NASA has announced that it will move ahead with plans to send new crafts to the red planet in the next few years.
NASA has announced that it will move forward with plans to conduct concept studies for a new Mars orbiter to be launched by 2022. According to a report from GeekWire, NASA has selected five aerospace companies including American firm Boeing to submit concept studies for a telecommunications orbiter that would drastically improve the agency’s ability to gather and transmit data from the red planet.
Other firms involved include Lockheed Martin Space Systems, Northrop Grumman, Orbital ATK and Space Systems/Loral. The project will be overseen by NASA’s Jet Propulsion Laboratory in California.
According to Geoffrey Yoder, the agnecy’s associate administrator for science, “We’re excited to continue planning for the next decade of Mars exploration.”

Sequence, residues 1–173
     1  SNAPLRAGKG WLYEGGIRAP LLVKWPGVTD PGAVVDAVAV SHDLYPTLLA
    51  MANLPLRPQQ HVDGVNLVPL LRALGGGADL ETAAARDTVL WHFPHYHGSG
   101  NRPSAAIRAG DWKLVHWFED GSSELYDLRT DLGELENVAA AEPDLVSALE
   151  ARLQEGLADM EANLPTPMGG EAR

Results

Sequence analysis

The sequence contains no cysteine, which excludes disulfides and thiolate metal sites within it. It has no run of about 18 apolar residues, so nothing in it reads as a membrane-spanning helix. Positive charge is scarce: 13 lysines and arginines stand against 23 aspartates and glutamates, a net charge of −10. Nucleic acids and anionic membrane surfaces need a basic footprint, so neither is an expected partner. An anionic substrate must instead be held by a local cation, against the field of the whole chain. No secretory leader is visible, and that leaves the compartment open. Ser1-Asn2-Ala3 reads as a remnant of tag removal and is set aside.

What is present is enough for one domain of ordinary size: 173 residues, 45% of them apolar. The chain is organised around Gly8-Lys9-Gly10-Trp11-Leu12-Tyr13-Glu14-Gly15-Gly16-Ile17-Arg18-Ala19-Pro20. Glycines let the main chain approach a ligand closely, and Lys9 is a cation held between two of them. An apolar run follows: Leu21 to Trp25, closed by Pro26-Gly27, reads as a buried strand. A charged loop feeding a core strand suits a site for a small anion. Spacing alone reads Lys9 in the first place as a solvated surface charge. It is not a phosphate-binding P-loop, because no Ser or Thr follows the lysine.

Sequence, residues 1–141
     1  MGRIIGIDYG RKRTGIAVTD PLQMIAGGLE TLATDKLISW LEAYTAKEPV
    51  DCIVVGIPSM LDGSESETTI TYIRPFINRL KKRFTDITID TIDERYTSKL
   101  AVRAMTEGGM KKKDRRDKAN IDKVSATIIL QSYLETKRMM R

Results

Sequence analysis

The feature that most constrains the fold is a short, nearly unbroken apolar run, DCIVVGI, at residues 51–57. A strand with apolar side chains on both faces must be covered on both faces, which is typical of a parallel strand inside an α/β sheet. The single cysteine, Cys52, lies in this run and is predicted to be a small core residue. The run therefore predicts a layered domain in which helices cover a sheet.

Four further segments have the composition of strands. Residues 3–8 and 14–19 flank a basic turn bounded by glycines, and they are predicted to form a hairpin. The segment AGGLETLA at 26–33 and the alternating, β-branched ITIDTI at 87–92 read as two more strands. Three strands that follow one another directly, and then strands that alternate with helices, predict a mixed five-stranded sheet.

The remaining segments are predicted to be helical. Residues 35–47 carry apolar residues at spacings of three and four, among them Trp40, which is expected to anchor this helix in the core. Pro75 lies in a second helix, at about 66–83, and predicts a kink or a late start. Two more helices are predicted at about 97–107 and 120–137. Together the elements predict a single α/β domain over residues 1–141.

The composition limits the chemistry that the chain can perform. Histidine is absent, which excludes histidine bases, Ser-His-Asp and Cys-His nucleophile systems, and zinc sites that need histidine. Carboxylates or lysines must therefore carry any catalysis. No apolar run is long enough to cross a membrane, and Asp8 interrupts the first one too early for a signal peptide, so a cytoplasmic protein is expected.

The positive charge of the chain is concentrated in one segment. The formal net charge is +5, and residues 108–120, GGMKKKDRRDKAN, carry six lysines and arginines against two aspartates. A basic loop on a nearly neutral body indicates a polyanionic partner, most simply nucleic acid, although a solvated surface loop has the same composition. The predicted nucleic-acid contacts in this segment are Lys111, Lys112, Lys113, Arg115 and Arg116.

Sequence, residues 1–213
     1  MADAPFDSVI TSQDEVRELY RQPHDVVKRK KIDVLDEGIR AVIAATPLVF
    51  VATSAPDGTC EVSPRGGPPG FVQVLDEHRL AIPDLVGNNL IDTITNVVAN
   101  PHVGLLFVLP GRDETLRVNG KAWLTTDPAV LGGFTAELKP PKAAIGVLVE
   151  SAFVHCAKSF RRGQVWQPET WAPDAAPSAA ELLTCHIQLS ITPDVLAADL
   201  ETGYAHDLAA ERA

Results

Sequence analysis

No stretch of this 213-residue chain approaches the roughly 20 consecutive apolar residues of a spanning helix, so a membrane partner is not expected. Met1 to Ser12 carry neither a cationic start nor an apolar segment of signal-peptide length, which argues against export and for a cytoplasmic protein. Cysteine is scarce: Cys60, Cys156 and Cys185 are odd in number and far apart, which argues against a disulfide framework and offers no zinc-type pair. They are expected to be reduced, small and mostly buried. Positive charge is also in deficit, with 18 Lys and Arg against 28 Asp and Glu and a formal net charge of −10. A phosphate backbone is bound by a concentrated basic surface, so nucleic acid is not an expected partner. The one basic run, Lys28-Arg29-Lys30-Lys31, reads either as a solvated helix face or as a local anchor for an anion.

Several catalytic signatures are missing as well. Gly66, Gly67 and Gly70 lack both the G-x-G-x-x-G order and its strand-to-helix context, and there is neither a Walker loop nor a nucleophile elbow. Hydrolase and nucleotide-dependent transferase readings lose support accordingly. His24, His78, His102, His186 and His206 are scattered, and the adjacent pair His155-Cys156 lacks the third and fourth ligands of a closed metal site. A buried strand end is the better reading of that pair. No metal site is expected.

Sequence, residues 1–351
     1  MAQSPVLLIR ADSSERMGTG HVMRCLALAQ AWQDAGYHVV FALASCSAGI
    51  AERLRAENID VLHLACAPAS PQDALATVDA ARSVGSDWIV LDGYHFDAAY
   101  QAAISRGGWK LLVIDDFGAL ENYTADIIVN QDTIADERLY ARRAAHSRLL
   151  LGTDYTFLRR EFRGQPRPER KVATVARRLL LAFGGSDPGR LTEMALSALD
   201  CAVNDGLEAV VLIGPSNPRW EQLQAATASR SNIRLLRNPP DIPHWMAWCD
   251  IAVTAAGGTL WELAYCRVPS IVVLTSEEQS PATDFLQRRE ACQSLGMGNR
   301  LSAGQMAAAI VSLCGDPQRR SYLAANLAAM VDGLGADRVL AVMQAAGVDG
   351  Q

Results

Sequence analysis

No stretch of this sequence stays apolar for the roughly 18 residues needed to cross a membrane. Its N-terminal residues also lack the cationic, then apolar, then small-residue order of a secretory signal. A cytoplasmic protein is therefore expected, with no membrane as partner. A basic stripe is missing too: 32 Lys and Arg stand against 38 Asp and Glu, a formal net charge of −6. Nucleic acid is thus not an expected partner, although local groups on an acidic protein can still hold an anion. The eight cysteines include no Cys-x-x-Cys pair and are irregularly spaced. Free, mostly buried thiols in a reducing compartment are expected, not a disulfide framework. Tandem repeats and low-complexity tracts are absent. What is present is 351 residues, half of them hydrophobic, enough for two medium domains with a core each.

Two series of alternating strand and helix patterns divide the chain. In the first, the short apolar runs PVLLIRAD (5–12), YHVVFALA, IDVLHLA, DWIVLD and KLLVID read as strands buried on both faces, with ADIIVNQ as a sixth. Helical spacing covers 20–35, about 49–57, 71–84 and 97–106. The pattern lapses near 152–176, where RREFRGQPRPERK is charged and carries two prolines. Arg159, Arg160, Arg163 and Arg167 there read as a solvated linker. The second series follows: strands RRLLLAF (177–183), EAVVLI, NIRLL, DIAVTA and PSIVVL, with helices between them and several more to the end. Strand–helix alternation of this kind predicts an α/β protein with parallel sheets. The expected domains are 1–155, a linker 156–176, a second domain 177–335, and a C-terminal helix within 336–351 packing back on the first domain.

NASA hopes to commission an orbiter that would allow advanced telecom abilities in addition to large-scale high-resolution imaging of the planet. The new gear would be a significant upgrade from the current orbiters and their accompanying rovers studying Mars. Currently, the Opportunity and Curiosity rovers transmit data to the Mars Odyssey orbiter and the Mars Reconnaissance Orbiter, launched in 2001 and 2005 respectively.
NASA also plans to pair the new orbiter with an all-new rover that aims to study rocks and sediments on Mars to search for evidence of past life. The rover would have the ability to collect samples and return them to researchers here on Earth.
The rover will draw inspiration from Curiosity, but will have a completely overhauled system for collecting and storing samples. Reports indicate that the probe will be equipped with a robotic arm with a coring drill that will allow it to dig deep into the Martian crust. The rover will also be equipped with all-new cameras and microphones to record the sights and sounds of Mars for the first time.
NASA continues to prepare for the upcoming exploration of Mars, but it remains to be seen if the agency will meet its goal of placing astronauts there by the 2030’s.
A press release from NASA describing the details of the decision can be found here.